I recently visited Vietnam as part of a course elective program offered at Griffith University. With OS-HELP travel loans and various funding options available, I happily enrolled.
Our travel guides were two experienced public health academic staff who guided us with humour and patience through a jam-packed itinerary. My travel companions included twenty students from different Griffith health programs – undergraduates and masters students studying biomedical science, nutrition and dietetics, psychology, and public health. The aim of the study tour was to deepen our knowledge of international health environments, and to help us gain a culturally diverse perspective of global health.
Arriving in Ho Chi Minh City, it was impossible not to be in awe of the sheer volume of mopeds on the roads, weaving between cars and pedestrians, carrying multiple passengers and laden with assorted cargo – from groceries and puppies through to doors and mattresses (yes, on a moped!). Although you hear stories about the traffic before you arrive, to see it firsthand is an experience in itself. As we moved towards our hotel, I observed sidewalks bursting with locals, chatting and laughing, drinking and eating, some cooking, others sleeping; all the while looking completely relaxed amidst the chaos. Immediately, I could tell that Vietnam was a place with some serious personality.
Over the course of sixteen days we spent time in Ho Chi Minh City, the Mekong Delta, Vung Tau Beach and Dalat (the Parisian hinterland of Vietnam). We had fun discovering bustling marketplaces, shell covered beaches, floating markets, temple gardens and rooftop bars. We were simultaneously captivated and horrified with artefacts seen at the War Remnants Museum. We explored the labyrinth of Cu Chi tunnels, which were built in response to high-tech artillery, bombs and chemical weapons (such as Agent Orange). Some areas of the underground network were several stories deep and contained makeshift kitchens, hospitals, and weaponry supplies. The tunnels were improvised by the Viet Cong in order to survive through multiple wars.
We explored historical mountains, natural caves and waterfalls, rode bikes around peaceful villages and through rice plantations, travelled in cable cars high above green country landscapes, and watched the changing scenery from the window of our tour bus.
We did work too, most days were spent visiting various health departments, hospitals, medical colleges, health prevention centres and small local health commune stations. Throughout our meetings we were able to talk to department officials, medical practitioners, local health workers and students to piece together the areas of population health that require focus and improvement. Essentially, I was able to see firsthand the challenges that a developing country such as Vietnam faces, particularly under such rapid growth conditions.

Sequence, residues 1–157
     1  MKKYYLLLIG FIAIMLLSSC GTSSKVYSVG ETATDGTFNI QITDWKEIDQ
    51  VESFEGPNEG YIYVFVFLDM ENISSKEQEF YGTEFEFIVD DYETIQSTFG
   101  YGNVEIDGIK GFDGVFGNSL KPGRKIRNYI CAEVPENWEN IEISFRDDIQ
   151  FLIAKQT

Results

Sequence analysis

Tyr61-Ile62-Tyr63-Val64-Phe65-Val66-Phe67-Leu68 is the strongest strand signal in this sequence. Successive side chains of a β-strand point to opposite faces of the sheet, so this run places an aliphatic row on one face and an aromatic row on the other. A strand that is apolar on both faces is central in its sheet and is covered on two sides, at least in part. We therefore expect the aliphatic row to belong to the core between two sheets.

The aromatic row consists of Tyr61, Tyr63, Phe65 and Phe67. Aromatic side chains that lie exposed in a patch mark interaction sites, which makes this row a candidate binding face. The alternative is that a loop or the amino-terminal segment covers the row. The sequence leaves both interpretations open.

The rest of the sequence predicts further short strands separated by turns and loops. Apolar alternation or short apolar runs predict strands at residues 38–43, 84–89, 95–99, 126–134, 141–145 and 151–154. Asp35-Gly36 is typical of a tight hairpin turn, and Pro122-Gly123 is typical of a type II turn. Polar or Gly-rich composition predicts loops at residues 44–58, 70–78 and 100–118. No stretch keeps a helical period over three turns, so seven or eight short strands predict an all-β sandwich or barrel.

I absorbed as much as I could of the culture, history, food, economics and politics of Vietnam, and all of these provided context for my learnings of the health system in this country. It was easier to ponder the emerging diabetes epidemic of Vietnam whilst sipping on a heavily sweetened Vietnamese coffee.
Travel in itself is an education that will broaden your horizons and increase your perspectives about the world around you. As a tourist abroad you are exposed to the culture, history and customs of the places you are visiting. This alone improves your awareness of the differences and similarities that exist within and between societies. Our guided study tour provided an even deeper insight into the workings of a different culture.
With industry professionals and academics guiding the way I was able to appreciate population health in a country vastly different to Australia. Overall, the Vietnam study tour provided me with a great deal of learnings which will impact on my growth as an individual and as a future health professional.
Amanda Booy is currently studying an undergraduate degree in public health, with focus upon health promotion and public health nutrition. Amanda is fascinated with how the world operates, particularly those social aspects of society which influence our daily lives, and importantly our health outcomes. Public health, with its big picture focus, and its exploration of the underlying determinants of health is what Amanda is most compelled by.